Christian faith has changed depending on science's understanding of the physical world. Today's challenge is in understanding what defines the human person and faith.
Child psychologist, and human developmental theories all hold that the person is developed within the confines of the social structures of family, church, and society. These identification factors have been understood for years, but have recently been underlined by research in neuroscience. What happens to us in our childhood becomes imprinted on our brains, so understanding faith becomes about how a child is raised in a tradition. Tradition's conditioning helps to develop the child's social conscience, self-concept and self awareness.
But, is tradition, in a religious sense, necessary to develop the person into a respectable, self-regulating, self-motivated and self-directed individual? No, for reason is a part of the individual, irregardless of tradition. In fact, tradition may inhibit the full development of the individual, depending on the tradition's teachings and understanding of faith.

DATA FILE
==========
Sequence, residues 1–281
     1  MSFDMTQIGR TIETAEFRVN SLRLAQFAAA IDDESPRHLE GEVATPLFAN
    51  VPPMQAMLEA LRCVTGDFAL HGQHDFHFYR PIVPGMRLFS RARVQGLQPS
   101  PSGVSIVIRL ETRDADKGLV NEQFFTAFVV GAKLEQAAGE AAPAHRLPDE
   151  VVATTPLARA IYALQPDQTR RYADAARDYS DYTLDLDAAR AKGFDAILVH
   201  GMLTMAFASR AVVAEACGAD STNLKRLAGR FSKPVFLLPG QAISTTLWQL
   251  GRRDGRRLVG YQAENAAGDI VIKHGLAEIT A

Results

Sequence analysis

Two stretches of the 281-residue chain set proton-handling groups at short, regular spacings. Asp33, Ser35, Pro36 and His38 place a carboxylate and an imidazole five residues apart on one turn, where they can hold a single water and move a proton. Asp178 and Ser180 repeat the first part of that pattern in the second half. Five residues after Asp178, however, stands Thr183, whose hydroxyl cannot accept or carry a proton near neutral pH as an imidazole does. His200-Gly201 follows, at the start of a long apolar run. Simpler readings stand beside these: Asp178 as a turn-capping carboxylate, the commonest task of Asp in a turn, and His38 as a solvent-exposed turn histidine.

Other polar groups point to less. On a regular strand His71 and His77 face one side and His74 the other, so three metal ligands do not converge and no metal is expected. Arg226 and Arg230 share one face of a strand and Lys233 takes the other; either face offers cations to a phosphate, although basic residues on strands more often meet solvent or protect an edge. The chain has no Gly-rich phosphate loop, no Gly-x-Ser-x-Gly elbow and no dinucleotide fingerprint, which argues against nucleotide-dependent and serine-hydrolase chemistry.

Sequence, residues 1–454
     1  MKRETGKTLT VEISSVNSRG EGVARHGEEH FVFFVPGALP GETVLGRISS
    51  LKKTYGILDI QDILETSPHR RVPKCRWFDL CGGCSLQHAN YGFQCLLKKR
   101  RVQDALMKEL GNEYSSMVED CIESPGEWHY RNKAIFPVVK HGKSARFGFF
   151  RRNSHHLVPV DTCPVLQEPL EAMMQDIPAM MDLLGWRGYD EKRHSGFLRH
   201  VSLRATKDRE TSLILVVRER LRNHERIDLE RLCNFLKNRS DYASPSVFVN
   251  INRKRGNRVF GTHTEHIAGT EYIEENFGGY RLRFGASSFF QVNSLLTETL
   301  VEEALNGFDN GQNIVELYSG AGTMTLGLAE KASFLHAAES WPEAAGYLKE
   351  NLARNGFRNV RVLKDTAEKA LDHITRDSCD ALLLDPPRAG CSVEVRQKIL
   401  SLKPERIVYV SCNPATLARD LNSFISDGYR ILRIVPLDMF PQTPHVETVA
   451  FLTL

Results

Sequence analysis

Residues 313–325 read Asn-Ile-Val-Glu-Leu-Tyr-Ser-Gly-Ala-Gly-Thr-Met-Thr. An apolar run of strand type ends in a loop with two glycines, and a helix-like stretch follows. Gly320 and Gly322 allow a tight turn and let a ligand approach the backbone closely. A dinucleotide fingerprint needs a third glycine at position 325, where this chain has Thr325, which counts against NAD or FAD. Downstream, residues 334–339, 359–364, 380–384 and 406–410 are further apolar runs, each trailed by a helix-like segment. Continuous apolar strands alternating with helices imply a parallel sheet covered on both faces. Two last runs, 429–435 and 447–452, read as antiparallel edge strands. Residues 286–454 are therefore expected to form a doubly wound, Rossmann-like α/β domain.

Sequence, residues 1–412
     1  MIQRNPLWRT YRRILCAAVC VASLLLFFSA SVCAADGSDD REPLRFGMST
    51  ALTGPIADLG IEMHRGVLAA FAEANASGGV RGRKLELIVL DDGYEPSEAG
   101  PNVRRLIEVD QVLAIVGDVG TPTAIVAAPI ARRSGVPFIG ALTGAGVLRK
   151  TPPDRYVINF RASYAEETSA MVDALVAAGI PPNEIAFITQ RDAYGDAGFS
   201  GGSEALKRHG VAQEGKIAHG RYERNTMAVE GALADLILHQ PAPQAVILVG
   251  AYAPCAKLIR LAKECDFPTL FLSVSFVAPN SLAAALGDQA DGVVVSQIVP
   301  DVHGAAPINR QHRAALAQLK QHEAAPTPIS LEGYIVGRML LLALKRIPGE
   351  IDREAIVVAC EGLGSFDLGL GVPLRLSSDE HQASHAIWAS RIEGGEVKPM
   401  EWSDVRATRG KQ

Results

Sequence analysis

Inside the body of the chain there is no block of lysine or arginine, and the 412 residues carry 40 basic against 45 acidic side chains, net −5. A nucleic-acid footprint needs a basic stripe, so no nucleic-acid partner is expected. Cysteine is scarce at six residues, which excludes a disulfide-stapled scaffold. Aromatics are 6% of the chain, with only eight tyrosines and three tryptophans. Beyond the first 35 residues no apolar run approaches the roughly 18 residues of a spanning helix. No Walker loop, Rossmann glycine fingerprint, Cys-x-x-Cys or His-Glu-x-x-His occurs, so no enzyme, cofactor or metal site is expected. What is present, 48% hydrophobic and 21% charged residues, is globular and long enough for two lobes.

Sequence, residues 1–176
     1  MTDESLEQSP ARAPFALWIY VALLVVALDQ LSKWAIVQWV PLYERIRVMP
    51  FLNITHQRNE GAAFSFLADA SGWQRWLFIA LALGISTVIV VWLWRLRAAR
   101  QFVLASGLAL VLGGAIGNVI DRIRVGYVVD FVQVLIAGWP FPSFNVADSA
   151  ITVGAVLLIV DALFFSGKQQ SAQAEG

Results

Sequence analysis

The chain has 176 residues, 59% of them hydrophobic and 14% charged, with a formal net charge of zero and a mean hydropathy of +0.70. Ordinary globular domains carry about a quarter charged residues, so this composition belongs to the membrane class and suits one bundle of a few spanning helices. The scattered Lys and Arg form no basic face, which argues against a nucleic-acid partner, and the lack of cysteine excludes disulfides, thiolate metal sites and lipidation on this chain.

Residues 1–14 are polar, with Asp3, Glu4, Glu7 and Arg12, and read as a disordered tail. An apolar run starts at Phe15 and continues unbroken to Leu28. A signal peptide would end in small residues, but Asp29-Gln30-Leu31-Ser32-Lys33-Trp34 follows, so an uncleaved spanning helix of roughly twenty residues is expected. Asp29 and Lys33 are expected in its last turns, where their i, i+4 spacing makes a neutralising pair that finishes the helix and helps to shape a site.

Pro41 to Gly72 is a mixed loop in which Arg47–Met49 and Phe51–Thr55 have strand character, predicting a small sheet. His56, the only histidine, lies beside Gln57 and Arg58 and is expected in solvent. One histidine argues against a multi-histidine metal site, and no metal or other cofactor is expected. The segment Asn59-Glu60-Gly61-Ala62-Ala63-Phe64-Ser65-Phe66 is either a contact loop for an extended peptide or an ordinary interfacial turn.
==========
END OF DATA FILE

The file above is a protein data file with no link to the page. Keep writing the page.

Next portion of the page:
A mature faith and personhood believes and trusts that the convictions, understandings, and commitments of the individual in the present is not about "being right with God", but about being true to oneself, in one's understanding, convictions and commitments. It is resting in who God made you to be and extending yourself in areas that are values that affirm those understandings and commitments.
Social structures and tradition can inhibit or benefit the person in development and do not have to determine the person's mature commitments, identifications, values, or understandings.
Academic Freedom Wesleyan Style
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